Eurozone unemployment rises from record low to 6.5%

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Unemployment in the eurozone has increased from its record low, rising unexpectedly to 6.5 per cent as high interest rates and a stagnating economy start to take their toll on the region’s job market.

Eurostat, the EU statistics office, said on Friday that the number of unemployed people rose 69,000 in September from the previous month to a total of just over 11mn in the 20 countries that share the euro. 

The European Central Bank, which last week halted its series of interest rate rises, is watching the job market closely for signs it will weaken and slow rises in wages, a key driver of recent inflationary pressures.

“We are seeing first signs that the labour market is softening,” ECB board member Isabel Schnabel said in a speech on Thursday before the data was released. “But the more slowly this process unfolds and the weaker it is, the higher the risks that persistent labour market tightness will challenge the assumptions underlying the projected decline in core inflation.”

September’s rise in unemployment, which economists had forecast would remain at a record low of 6.4 per cent in a Reuters poll, is expected to mark the start of a decline in the eurozone’s job market after many years of steady recovery. The ECB has forecast eurozone unemployment will rise to 6.7 per cent next year, as sluggish growth prospects force employers to cut jobs.

Claus Vistesen, an economist at consultants Pantheon Macroeconomics, said: “Looking ahead, we think eurozone unemployment will rise further over the coming months, as gross domestic product falters and survey data suggest firms have started to shed workers, particularly in manufacturing.”

The bloc’s unemployment rate has almost halved since peaking at 12 per cent in 2013 when millions of people lost their jobs during the region’s sovereign debt crisis. It rose briefly in 2020 when pandemic lockdowns brought the economy to a standstill, but furlough schemes cushioned the blow and the jobless rate has kept falling since then despite a slowdown in activity over the past year.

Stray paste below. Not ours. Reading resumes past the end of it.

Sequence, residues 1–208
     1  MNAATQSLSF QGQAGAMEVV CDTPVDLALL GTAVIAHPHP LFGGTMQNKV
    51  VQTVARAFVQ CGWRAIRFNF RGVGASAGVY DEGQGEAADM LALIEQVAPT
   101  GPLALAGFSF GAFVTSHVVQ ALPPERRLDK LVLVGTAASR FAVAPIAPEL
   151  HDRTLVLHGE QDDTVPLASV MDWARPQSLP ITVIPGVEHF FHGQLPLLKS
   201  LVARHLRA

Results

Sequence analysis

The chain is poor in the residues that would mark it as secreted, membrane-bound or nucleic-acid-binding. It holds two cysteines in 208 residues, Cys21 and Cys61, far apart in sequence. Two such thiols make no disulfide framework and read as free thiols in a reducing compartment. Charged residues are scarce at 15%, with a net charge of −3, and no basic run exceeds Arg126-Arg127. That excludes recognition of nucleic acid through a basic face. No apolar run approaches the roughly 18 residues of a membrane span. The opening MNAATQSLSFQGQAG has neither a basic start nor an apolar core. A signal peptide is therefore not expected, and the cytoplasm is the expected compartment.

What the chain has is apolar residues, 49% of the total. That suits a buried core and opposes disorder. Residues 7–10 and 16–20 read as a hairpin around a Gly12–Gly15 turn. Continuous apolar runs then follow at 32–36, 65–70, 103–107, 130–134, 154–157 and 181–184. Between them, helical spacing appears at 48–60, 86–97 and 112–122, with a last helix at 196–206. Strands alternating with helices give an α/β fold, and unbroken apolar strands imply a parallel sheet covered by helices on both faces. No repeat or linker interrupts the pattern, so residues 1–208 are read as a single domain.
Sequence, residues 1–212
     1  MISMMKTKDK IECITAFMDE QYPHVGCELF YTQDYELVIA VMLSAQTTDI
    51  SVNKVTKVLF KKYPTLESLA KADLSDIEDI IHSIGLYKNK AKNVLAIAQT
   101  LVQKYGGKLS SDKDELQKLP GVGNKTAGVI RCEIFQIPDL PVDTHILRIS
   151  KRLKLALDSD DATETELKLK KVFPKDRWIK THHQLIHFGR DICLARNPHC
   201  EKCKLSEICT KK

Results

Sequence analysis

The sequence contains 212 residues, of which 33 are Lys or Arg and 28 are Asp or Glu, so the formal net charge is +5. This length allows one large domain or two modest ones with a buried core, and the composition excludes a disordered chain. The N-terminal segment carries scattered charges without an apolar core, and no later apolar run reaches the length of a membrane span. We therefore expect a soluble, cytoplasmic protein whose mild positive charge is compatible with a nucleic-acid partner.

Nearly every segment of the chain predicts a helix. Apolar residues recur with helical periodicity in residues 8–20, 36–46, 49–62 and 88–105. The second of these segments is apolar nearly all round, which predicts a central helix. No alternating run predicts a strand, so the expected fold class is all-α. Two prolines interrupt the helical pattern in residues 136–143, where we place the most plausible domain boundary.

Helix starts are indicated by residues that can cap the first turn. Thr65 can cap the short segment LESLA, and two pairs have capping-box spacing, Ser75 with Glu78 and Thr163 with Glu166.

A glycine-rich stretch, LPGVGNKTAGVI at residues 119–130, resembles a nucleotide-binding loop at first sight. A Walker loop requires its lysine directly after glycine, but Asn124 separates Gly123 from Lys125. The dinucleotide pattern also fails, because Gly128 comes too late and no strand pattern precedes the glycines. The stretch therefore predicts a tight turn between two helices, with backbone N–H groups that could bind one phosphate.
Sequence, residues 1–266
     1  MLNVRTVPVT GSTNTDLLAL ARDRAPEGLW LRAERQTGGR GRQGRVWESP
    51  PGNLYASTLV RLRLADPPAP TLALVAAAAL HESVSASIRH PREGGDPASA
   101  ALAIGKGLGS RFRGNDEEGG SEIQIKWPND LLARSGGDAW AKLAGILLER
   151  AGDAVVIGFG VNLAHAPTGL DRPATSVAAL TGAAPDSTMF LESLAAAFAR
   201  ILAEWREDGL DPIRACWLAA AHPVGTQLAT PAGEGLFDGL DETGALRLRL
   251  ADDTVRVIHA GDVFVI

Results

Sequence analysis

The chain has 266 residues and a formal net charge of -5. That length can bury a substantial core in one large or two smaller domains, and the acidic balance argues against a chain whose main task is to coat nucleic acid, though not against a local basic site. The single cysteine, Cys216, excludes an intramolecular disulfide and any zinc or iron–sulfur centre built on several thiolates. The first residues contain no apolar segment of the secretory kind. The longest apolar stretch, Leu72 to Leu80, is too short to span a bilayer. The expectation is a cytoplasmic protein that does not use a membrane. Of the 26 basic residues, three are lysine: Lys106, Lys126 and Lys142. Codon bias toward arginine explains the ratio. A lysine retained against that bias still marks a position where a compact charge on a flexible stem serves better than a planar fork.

Growth has ground to a halt this year in the eurozone as high inflation, the ECB’s sharp rise in interest rates and a weakening global economy hit activity. The bloc’s GDP shrank 0.1 per cent in the three months to September from the previous quarter.

The share of businesses surveyed by the EU citing labour shortages as a constraint on production fell in all sectors last month, while the hiring intentions of companies have fallen below long-run averages in some sectors.

Some companies hit by falling demand have given up hope of an improvement in the next year or two and are starting to cut jobs. German steel distributor Klöckner said this week it would cut about 300 jobs, or 10 per cent of staff in its European trading business.

“We think wage growth will slow in the coming quarters,” said Bradley Saunders, an economist at research group Capital Economics, pointing out that Europe’s vacancy rate had fallen and job postings on the Indeed website were “trending downwards in Germany and France”.

The ECB has forecast that pay per eurozone employee — its favoured measure of wage growth — will rise 5.3 per cent this year, well above a level consistent with inflation hitting its target of 2 per cent. But it expects wage growth to slow from the second half of this year, falling to 3.8 per cent in 2025.

Mike Ibanoz

Mike Ibanoz is an Emmy Award-winning journalist who has spent the better part of two decades covering gadgets and apps, and helping people make smarter tech decisions.

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